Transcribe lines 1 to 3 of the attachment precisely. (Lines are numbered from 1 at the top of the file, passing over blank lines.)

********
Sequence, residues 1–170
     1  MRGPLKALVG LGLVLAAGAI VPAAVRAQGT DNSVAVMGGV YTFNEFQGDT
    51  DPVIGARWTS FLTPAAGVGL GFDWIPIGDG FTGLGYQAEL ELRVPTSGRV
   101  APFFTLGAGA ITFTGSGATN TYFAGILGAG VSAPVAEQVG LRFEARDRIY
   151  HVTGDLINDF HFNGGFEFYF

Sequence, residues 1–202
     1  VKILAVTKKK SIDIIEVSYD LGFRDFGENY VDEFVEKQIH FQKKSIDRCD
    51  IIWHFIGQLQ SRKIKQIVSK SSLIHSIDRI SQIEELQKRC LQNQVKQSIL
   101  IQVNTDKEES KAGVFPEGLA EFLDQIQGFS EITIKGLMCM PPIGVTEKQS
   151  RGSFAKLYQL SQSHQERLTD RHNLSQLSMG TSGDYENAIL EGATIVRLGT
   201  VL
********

Sequence, residues 1–170
     1  MRGPLKALVG LGLVLAAGAI VPAAVRAQGT DNSVAVMGGV YTFNEFQGDT
    51  DPVIGARWTS FLTPAAGVGL GFDWIPIGDG FTGLGYQAEL ELRVPTSGRV